• There is an Operations Owner (called Scrum Master in Scrum), who is responsible for the operations, collaboration, and constant improvement.

There is a set of planning, refinement, review, and retrospective meetings and normally also daily tactical meetups where the Team stays in sync.

There are some standard, public Artifacts that are always used in the Circle, but the CIrcle may choose to have more:

  • The Main Backlog (called the Product Backlog in Scrum) is where all the deliverables reside. It is owned by the Strategy Owner.
  • The Tactical Backlog (called the Sprint Backlog in Scrum) is where the day-to-day plan for the work unfolds. It is owned by the Team. 
  • The Improvement Backlog is where all impediments and improvements are recorded and prioritized. It is owned by the Operations Owner.
  • The Circle Manifest describes what the Circle is, what it does, and how to get its services. This provides great transparency to the whole organization

Details of Practices

A few of the practices mentioned above deserve some extra explanation:

Delegation. When one Circle requests a deliverable from another it is called “delegation”, for which there is a precise definition of the responsibilities. Among other things, the receiving Circle is now responsible for keeping the delegating Circle updated about status changes on the delegated Item.

Escalation. When an inter-Circle issue or a challenge grows bigger than individual Team Members can handle they call on the support of the Operation Owners. If they conclude that this needs to be dealt with in the context of all the Circles, then they escalate it to the appropriate Resolution Circle.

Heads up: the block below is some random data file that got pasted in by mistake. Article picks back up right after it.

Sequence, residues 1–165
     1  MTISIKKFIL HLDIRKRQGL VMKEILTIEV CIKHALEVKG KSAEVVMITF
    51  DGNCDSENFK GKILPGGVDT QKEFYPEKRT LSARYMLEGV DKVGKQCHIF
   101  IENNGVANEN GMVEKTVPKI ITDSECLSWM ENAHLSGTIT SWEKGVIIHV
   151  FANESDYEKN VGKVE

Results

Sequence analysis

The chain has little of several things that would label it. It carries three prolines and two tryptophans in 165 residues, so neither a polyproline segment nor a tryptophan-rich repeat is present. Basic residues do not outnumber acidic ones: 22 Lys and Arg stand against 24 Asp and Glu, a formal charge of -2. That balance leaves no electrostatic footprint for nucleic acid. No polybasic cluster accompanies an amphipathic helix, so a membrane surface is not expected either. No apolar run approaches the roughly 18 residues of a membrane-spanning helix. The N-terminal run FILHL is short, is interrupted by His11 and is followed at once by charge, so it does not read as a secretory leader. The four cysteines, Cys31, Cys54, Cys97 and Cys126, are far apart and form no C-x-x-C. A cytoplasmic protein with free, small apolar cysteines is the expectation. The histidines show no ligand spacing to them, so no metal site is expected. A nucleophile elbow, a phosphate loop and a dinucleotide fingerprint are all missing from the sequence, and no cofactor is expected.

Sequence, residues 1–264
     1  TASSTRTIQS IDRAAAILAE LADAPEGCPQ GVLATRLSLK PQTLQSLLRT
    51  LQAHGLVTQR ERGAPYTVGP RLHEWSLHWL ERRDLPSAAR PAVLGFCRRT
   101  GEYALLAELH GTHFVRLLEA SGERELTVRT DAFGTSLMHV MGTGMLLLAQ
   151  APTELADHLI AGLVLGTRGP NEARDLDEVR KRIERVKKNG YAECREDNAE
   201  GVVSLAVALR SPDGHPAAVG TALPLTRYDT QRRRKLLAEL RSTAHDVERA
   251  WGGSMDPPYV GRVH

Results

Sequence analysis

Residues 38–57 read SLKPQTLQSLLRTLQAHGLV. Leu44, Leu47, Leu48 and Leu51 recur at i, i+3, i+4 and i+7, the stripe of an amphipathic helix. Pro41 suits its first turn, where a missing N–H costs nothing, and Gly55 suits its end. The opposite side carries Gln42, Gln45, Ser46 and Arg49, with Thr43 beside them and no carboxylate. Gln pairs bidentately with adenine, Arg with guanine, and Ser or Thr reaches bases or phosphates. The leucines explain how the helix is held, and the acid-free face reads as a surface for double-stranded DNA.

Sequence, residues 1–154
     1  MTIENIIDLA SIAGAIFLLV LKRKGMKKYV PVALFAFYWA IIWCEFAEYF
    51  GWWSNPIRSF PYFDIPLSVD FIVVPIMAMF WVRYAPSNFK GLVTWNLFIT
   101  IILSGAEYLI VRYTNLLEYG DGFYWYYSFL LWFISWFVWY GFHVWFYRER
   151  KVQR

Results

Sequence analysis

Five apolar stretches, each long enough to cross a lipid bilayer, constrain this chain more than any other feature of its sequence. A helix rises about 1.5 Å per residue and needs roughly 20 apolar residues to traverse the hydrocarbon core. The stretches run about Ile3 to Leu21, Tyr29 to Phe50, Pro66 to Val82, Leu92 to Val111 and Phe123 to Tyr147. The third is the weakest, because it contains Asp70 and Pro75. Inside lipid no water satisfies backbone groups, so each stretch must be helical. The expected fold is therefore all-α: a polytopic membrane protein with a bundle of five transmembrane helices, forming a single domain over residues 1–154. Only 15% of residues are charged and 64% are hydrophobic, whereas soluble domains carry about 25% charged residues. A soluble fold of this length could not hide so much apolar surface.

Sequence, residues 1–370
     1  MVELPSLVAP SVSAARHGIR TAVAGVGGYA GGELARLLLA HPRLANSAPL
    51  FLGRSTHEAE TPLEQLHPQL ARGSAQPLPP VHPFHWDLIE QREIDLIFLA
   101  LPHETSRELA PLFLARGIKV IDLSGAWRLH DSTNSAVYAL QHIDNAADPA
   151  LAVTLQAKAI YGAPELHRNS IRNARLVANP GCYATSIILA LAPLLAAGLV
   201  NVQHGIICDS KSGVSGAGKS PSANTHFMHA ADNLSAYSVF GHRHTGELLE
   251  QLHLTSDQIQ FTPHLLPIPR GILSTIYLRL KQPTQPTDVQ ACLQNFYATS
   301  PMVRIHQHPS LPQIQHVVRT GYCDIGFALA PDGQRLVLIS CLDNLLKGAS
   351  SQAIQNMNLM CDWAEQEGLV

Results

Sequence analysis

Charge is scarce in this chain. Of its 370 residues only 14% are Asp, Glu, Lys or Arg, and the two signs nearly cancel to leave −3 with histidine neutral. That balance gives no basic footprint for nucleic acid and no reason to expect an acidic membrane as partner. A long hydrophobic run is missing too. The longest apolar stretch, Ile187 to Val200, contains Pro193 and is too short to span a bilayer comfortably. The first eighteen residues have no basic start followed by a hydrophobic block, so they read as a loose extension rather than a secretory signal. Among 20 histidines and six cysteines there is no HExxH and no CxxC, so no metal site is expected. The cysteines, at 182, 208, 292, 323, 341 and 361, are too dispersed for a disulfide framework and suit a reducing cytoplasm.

Secondary Circle. When Circles identify decisions or deliverables that have to be made in unison, they place this deliverable in an appropriate Secondary Circle, for example, to decide on the next version of the Organization’s graphic Profile.

Scaled up Circle. Sometimes it makes sense (gives the highest internal coherence and lowest external coupling) to have multiple Teams in a Circle working off the same Master Backlog. This of course changes some of the events and meetings and adds complexity, but could still be the best balance.


All of Agile Lean Leadership rests on a few values:

  • Purpose, clear, and worthwhile
  • Sustainability in all things
  • Resilience in all things
  • Respect for people

The last point means that under normal circumstances no single person dictates terms and everyone honors their commitments. These are the fundamental tenets of self-management and are the prime enablers of people’s intrinsic motivation, which, again is absolutely necessary for good results when doing knowledge work in the complex domain.

Read more in the Agile Lean Leadership Bird’s Eye View here